An interview with Joan Barrett.
Written by Sarah Faerman.
How long have you been at Winona?
Fifteen years. Since 1989.
Where were you bom?
In Winnipeg but my father worked in gold mines in Northern Manitoba and Northern Ontario so we were always moving from one place to another.
Tell me about your family.
My dad was originally from England and when he arrived in Canada, he worked on a farm in Alberta, which he loved. However, he had a wanderlust and would have kept on moving if my mother hadn’t put her foot down.
My mother had grown up in India until the age of 14. I could only appreciate later how difficult it was for her to follow my father from one mine to another. Often she was the only woman in the place and as someone who had grown up with servants, she now had to fetch water from wells and do without most of the amenities.
However, she did play violin and often would play with other musicians who worked in the mines. I was an only child but the year before I was bom, on the same day as my birthday, my older brother was bom but he did not survive. My mother never liked Canada and wanted to return to England so we moved back . I didn’t like it at all and I became sick with pnemonia so we came back to Canada - to Port Arthur.
What was important in your family?
All the old values - ‘the Protestant Ethic’, namely ”you won’t get anywhere unless you work hard”; “Don’t tell lies”.
What schooling did you have?
I liked school in Port Arthur but my mother didn’t think much of the standard of education there so after grade 8,1 was sent to a private boarding school for girls in Winnipeg. I didn’t like it at first because there were no boys and there were too many rules and regulations.
I made good friends and we called ourselves “The Three Musketeers”. We would raid the kitchen. We had heard that if you combined aspirin and coke, you would get drunk. One of us tried it out and was so sick from it. I also learned to smoke there. I later realized, however, that I did get the best education there. In addition to French and all the other subjects, I continued with violin lessons that I had started years back .
I studied harmony and composition and had a music teacher who looked like Einstein. I thought he was old, but he could have been only 45. At the boarding school, on Sundays, all the girls, in hats and gloves, would go off in single file to church.
Weren’t you lonesome being sent off on your own to boarding school at 13 years?
No. Actually, I was excited to be travelling on my own. I would have loved to go back-packing around the world but it wasn’t done in those days - not girls anyway.
What else did you do in Winnipeg?
From early on, I wanted to be a figure skater like Sonja Henie and I took lessons. I also took dancing lessons and found that I was more suited to this. In Winnipeg I studied at the Winnipeg Ballet under Gweneth Lloyd.
I took the Royal Academy of Dancing exams and got good marks. I was there 3 years and my dream was to be part of the Winnipeg Ballet Co. but my parents moved to Calgary and insisted that I join them there.
I kept up with my violin lessons and music exams and played second violin in the Calgary Symphony Orchestra. There was no possibility to progress in dance in Calgary at that time so I went to the Banff School of Fine Arts for 3 summers to study ballet. I was later on the staff at Mount Royal College teaching ballet. However, I still had dreams for myself and decided to move to Toronto to further my own professional goals.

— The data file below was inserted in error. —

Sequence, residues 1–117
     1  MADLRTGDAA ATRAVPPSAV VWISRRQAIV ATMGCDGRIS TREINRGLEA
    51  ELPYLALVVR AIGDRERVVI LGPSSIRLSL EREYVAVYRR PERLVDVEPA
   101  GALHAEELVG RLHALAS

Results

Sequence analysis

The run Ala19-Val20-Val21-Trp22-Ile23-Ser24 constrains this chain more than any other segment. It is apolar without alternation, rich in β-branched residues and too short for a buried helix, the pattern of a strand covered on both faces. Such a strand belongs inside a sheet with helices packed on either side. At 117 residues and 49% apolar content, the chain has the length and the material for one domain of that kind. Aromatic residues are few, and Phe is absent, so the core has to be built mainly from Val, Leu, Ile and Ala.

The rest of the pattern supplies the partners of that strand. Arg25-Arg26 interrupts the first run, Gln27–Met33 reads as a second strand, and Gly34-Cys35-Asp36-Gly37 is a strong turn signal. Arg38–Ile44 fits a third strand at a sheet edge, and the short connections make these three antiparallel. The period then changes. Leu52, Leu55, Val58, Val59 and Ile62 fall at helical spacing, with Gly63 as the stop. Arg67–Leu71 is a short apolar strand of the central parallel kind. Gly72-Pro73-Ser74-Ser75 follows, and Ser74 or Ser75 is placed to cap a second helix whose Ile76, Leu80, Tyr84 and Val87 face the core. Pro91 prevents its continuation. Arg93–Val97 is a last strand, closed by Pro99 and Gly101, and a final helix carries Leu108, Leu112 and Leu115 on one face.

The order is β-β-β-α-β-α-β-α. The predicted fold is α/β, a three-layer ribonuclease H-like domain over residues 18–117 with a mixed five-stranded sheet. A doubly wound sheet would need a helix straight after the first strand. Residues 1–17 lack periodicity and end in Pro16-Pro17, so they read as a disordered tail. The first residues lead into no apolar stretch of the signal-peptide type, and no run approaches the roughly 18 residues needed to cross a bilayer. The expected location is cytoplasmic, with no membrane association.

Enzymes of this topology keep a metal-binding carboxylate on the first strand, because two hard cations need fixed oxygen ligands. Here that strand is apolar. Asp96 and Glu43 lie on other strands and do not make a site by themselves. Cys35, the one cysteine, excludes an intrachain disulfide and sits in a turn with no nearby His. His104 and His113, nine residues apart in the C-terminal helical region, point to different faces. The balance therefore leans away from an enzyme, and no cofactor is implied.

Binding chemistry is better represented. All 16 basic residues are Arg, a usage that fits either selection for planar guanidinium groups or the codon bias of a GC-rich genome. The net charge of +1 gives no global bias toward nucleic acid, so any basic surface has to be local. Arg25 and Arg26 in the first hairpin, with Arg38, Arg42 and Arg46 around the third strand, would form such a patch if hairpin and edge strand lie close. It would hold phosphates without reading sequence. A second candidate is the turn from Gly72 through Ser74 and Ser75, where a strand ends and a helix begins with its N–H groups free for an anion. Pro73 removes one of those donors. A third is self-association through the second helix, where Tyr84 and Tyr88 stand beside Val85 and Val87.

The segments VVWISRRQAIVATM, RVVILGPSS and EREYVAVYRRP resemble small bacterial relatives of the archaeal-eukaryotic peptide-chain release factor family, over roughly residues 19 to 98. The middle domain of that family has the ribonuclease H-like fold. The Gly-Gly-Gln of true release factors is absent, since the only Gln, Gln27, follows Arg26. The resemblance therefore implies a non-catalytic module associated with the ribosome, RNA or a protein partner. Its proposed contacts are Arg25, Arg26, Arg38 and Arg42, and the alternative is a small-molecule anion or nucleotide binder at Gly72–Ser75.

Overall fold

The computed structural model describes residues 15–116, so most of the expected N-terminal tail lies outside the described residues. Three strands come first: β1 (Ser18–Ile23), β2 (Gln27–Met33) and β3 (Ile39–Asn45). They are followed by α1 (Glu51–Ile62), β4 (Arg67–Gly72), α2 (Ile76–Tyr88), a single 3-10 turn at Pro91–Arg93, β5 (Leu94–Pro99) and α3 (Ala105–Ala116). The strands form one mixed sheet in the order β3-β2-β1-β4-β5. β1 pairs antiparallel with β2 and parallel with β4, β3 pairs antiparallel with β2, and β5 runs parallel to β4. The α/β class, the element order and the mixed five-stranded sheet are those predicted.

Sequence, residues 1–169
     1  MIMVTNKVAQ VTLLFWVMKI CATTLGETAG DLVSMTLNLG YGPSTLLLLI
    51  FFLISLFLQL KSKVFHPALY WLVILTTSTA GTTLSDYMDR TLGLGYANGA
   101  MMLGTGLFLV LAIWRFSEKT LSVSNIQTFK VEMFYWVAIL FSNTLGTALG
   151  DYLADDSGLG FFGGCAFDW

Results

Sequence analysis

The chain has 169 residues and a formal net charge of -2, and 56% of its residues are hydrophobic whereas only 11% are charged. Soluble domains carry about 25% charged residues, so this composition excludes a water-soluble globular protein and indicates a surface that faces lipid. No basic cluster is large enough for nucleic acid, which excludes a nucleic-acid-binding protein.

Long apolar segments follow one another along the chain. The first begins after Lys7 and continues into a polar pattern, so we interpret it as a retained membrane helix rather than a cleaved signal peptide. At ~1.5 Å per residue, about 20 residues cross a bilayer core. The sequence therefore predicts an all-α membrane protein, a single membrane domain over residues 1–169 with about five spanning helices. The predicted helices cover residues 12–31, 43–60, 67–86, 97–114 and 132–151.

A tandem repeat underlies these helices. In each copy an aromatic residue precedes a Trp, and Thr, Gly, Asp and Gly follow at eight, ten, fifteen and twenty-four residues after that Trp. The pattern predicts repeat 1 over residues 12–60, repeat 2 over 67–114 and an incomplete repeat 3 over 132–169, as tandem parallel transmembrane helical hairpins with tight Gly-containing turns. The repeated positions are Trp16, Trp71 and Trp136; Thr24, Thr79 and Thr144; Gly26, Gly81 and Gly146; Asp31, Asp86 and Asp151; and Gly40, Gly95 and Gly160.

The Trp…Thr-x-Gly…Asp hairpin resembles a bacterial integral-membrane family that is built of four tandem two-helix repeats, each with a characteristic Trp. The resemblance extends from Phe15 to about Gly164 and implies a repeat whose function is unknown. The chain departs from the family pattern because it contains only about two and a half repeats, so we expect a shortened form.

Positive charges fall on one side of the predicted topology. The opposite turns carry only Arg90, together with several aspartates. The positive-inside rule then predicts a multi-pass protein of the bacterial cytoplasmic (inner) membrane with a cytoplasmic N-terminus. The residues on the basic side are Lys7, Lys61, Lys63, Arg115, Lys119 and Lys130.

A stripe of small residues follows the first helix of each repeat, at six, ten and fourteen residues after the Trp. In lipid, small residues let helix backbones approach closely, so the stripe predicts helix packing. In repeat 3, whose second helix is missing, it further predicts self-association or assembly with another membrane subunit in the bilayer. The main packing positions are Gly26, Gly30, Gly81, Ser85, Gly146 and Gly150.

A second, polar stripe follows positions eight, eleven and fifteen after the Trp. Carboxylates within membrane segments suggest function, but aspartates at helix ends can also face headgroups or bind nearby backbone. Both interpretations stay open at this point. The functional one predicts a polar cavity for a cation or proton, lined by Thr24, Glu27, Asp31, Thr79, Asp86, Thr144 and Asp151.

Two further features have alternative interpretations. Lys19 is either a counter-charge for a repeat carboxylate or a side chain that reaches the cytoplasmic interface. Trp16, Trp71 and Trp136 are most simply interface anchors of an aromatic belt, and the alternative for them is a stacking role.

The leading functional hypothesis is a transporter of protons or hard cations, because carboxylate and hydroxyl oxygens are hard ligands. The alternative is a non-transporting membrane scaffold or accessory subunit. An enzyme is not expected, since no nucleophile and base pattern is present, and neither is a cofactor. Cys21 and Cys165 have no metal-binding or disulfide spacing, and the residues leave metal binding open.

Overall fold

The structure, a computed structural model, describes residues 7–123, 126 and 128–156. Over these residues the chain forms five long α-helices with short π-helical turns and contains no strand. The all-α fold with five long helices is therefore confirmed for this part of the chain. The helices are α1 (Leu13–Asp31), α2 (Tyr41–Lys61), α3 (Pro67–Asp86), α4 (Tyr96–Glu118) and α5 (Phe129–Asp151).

Tell me about your dancing career in Toronto.
It was 1952 and T.V. was just starting here. I went to many auditions and danced on many T.V. shows such as: “The Big Review” (Norman Campbell was one of the directors); Midge Arthur’s “Canadettes” at the C.N.E. (Blanche and Alan Lund choreographed there) ; “Canada Hit Parade”; Junior Magazine”;“Showtime” and “The Wayne and Shuster Show”. There were many music shows then.
Did you stop dancing once you married?
Not entirely. We moved to Aurora and it was nice to be home looking after my daughter, Laura. There was the occasional show and I also taught jazz and ballet.
I had my own school of dance and choreographed some shows. I was in Aurora for 17 years and after my divorce, moved back to Toronto. My daughter, who now lives in Nova Scotia with her husband and 3 children, was studying to be a jazz dancer in Toronto at that time.
Were you able to resume your career in Toronto after all those years?
I had done a bit of acting all along but no longer had the contacts. Also, there are not so many jobs for older people, especially if you are not known. To this day, however, I do get bit parts as an “extra” in movies such as “Serendipity” with John Cusack. I did work full time as a supervisor at the Bay and would go with a fellow employee to Jazz clubs after work. I met Des at one of the clubs and then again on a Jazz Cruise. I decided to go back to school and earned an honours B.A. at York University.
What is your favourite leisure activity?
Reading, crossword puzzles, walking, meeting friends. Particularly walking around neighbourhoods and trying out different restaurants.
What would you say is a priority for Canada?
To keep our own character. To be independent of the U.S. We have a very good democratic social fabric and I worry about all the talk of integrating our economics and borders.
What is the best thing about Winona?
The sense of community. You have the choice to go down for coffee every day but you are not pressured to go.
What would you change at Winona?
People should just relax and accept people for what they are.
Do you have a philosophy of life?
I tend to accept things as they are and make the most of it. On the whole I guess I’m a survivor and have landed on my feet.